Great memories. I should have bought a 6" ! Nice to connect with you



#13 wargrafix

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Posted 24 May 2019 - 07:08 AM

I am really excited to hear about the progress. Imagine when its done...using it as a planetary imager



#14 astronz59

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Posted 16 June 2019 - 06:36 PM

OK, I'll admit I've been salivating ever since I saw this post! Anything more to add? Don't be afraid of that Cooke's boga-city and shear awesomeness! drool5.gif



#15 martinr

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Posted 17 July 2019 - 05:32 PM

Hi everyone - apologies (esp to astronz59!) for the slow replies - I was away in Chile for the eclipse, and now have a medical thing to deal with starting July 18 that will put me out of action on this scope for a few weeks.

 

I guess what I can update is that I have practiced some cleaning techniques on small  brass components of the 4" tube, and that is coming up very nicely. The main 8-inch tube is clean and needs fine polishing - a longer process and in the 100 degree heat we now have, I wish I had done more in the spring!

 

The mount that arrived is huge and very heavy. Actually its immovable at present - if any have ideas of how to lift 200+lbs of complex-shape gear in a garage without re-building the house around it I'd be interested in reading comments.

Kind regards all!


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#16 jcruse64

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Posted 17 July 2019 - 09:17 PM

Anyone you know have a cherry picker/portable engine lift. They can handle a LOT more than 200 lbs, and are on casters.


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#17 martinr

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Posted 17 July 2019 - 10:24 PM

Thanks, I'll investigate!



#18 R Botero

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Posted 18 July 2019 - 01:55 AM

Martin
Use a gantry crane. You can buy them used for not too bad a price.
Roberto
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#19 astronz59

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Posted 26 December 2019 - 09:18 PM

I am hoping that the long silence means that you are well over your medical "thing" and better still, that you are hard out on the Cooke refurbishment. Any updates, perchance?  fingerscrossed.gif



#20 martinr

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Posted 23 February 2020 - 05:32 PM

Hi - it's been too long since I posted about this, and cut a long story short - this month I finally got around to working on the scope after a hiatus, and made nice progress on the upper section of the tube.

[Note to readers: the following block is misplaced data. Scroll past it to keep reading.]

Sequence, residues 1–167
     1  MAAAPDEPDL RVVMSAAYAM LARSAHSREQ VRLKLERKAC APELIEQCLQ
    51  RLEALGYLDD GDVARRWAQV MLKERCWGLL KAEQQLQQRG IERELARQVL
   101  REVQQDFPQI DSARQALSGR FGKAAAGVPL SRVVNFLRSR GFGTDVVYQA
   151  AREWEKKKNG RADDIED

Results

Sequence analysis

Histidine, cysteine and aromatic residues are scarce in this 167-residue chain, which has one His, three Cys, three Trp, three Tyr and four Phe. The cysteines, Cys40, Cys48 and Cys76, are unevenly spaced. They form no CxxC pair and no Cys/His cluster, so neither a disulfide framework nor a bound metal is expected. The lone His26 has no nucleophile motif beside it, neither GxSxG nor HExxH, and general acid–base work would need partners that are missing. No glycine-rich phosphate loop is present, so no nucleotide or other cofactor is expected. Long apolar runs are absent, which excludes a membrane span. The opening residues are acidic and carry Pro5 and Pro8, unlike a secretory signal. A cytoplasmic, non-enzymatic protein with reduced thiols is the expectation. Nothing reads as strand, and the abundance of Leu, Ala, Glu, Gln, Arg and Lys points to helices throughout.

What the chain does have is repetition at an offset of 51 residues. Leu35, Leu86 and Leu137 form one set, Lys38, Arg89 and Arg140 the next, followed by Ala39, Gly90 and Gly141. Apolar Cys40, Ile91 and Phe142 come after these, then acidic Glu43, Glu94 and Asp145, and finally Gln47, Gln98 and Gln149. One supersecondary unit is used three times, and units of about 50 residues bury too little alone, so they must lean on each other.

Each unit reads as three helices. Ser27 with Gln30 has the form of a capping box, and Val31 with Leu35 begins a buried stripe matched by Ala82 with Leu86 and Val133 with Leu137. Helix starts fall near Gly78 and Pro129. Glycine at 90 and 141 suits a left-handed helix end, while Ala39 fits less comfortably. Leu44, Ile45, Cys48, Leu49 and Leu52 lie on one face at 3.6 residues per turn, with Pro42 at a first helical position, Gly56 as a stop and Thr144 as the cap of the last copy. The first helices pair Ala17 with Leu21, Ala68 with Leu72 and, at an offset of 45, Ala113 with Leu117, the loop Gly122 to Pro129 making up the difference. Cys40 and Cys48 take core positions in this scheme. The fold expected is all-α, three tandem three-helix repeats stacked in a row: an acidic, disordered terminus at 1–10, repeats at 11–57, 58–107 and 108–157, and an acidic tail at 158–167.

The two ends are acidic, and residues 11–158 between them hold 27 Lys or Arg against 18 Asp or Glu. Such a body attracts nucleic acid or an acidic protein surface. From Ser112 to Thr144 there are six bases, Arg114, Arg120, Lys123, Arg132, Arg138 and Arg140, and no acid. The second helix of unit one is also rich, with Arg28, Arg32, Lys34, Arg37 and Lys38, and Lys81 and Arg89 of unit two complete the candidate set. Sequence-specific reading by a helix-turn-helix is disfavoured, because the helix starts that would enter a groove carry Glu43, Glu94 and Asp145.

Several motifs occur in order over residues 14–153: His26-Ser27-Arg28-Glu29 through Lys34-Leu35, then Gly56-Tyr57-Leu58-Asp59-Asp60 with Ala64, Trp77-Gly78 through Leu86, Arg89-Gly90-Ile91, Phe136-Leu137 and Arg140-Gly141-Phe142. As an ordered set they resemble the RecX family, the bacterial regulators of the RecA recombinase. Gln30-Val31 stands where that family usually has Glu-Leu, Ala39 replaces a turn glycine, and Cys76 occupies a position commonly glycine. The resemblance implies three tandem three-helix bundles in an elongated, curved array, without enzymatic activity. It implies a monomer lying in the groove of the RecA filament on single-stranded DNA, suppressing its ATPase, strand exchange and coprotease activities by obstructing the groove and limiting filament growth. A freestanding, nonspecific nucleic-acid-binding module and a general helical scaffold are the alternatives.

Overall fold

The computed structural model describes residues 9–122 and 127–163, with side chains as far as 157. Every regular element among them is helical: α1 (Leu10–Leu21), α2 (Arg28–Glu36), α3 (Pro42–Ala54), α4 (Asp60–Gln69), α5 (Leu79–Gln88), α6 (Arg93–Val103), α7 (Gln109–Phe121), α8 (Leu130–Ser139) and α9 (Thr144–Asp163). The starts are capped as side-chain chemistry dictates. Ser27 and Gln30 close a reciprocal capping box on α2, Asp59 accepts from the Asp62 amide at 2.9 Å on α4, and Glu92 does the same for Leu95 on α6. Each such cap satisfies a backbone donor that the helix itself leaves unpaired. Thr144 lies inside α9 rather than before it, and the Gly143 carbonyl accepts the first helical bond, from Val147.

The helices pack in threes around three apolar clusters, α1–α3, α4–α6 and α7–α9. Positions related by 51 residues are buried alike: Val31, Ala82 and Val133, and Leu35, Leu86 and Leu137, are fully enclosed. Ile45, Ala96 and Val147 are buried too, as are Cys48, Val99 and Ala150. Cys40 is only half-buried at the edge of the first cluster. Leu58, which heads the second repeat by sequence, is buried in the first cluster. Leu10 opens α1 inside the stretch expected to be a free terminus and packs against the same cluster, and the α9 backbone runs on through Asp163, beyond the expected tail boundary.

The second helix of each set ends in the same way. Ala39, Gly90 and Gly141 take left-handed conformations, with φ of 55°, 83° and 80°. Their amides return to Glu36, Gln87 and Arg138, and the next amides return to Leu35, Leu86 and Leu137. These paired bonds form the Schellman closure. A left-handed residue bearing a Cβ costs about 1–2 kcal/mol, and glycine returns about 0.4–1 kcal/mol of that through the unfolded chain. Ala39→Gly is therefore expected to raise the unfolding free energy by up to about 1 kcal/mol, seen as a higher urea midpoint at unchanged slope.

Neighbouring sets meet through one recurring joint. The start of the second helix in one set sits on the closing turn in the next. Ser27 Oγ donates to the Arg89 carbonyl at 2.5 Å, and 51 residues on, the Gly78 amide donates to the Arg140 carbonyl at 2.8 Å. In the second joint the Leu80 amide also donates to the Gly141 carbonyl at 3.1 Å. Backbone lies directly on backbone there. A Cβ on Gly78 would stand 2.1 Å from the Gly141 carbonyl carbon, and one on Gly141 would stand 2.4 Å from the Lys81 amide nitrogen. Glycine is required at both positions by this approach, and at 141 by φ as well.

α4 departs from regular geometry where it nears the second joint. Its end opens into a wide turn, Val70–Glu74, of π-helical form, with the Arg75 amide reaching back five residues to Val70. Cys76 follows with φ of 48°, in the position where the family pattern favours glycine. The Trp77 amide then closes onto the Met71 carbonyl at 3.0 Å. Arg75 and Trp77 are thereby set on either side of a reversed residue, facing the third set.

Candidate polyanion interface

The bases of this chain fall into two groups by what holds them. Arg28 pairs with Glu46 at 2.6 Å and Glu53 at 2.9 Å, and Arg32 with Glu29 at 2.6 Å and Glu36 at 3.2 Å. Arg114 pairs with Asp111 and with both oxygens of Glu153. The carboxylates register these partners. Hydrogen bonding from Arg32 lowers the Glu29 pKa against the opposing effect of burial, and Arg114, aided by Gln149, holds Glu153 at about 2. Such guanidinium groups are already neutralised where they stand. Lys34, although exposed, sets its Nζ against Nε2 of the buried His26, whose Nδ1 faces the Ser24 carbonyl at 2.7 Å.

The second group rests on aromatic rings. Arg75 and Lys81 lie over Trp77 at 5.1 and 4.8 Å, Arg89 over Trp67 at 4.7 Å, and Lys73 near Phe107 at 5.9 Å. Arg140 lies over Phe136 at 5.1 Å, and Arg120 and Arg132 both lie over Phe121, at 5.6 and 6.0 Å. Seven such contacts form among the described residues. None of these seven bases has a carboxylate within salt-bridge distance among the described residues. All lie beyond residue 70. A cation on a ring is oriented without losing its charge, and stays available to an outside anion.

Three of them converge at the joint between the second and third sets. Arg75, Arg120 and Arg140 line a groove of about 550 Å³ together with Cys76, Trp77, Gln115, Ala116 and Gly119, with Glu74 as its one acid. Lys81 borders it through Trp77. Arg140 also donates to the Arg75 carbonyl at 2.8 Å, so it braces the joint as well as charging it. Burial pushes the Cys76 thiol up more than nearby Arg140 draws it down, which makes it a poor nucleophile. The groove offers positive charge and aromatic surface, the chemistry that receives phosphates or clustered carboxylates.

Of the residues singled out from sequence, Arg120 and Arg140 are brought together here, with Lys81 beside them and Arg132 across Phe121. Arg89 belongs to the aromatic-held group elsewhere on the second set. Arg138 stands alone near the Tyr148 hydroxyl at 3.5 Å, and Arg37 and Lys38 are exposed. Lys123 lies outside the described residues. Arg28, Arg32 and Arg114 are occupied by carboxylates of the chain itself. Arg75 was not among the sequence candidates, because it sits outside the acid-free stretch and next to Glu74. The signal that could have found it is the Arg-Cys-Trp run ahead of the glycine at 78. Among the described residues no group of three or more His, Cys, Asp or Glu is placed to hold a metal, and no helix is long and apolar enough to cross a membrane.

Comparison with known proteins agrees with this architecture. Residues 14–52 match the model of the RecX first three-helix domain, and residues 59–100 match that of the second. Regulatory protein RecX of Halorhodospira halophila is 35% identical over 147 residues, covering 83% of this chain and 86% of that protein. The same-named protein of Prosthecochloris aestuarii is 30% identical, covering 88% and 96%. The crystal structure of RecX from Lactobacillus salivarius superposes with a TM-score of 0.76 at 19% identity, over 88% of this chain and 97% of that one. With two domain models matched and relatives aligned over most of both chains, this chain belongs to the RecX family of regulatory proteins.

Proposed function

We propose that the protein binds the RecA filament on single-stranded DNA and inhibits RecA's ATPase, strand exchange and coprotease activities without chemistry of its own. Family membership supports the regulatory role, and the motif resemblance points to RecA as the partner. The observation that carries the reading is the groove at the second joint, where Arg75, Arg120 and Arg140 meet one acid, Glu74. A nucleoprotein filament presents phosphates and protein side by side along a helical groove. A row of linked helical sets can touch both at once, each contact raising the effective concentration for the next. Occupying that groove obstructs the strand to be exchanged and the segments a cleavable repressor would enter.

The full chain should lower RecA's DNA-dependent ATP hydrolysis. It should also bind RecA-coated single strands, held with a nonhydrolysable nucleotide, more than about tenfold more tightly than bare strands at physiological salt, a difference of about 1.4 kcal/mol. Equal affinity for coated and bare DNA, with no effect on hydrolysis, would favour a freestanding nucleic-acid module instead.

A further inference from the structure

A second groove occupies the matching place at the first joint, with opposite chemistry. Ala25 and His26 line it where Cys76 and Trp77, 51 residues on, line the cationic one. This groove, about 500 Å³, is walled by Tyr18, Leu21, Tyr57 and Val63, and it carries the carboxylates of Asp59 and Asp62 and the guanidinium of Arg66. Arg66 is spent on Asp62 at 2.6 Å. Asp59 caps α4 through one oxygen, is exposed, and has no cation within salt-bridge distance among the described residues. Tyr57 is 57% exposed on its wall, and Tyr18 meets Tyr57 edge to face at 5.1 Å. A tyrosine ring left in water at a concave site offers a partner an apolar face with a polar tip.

I am amazing with the progress this week after spending short periods using grades 1500, 2000, and 3000 grit paper, followed by tripoli, white rouge and red rouge polishing.

 

There are deep small pits in the upper section, and I decided instead of needing to remove these, which would entail removing too much metal, they provide some of the character of this very old instrument. I need to clean out the polishing compounds so that's a step for the next week (if anyone has a recommended method for this I'd appreciate hearing about it).

 

Attached are comparison pics of the state of the tube when it was first discovered in the scrap yard and now its amazing appearance.

 

As always, thanks for reading.

Attached Thumbnails

  • Bradfield 8-inch.jpg
  • IMG_2928s.jpg
  • IMG_E2963s.jpg

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#21 Kokatha man

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Posted 23 February 2020 - 07:21 PM

...for jewellers, very hot water with a good detergent & a splash of cloudy ammonia works very well for removing white or red rouge polishing compounds - a small scrubbing brush or old toothbrush comes in handy at times for tiny crevices (& your pits) & just make sure you give a nice rinse with hot water: large parts will usually self-dry with a rinse of very hot water.


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#22 oldscope

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Posted 23 February 2020 - 11:57 PM

...for jewellers, very hot water with a good detergent & a splash of cloudy ammonia works very well for removing white or red rouge polishing compounds - a small scrubbing brush or old toothbrush comes in handy at times for tiny crevices (& your pits) & just make sure you give a nice rinse with hot water: large parts will usually self-dry with a rinse of very hot water.

Anything with ammonia is the last thing you want to leave on brass, so extra emphasis on the "make sure you give a nice rinse" part!

 

Bart F.


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#23 Kokatha man

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Posted 24 February 2020 - 01:37 AM

Anything with ammonia is the last thing you want to leave on brass, so extra emphasis on the "make sure you give a nice rinse" part!

 

Bart F.

...that's why I said it Bart! ;)



#24 martinr

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Posted 15 March 2020 - 03:57 PM

Worked through 800 and 1000 grit on the 2nd tube section this weekend. There were 8 screws on one end, which holds the eyepiece section. Each screw is bagged, numbered, and a map made of their locations so each crew returns to the same place. The close-up shows screw location #1, and detail of the tube before the 1000 grit.

Regards to all who are following this!

Attached Thumbnails

  • IMG_3060Tube2completed_1000grit_CN.jpg
  • IMG_3056_Tube2_screw locationsCN.jpg
  • IMG_3057_Tube2_screw locationMapCN.jpg

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#25 astronz59

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Posted 16 March 2020 - 01:43 AM

Martyn, this is excellent work! Can't wait to see more! waytogo.gif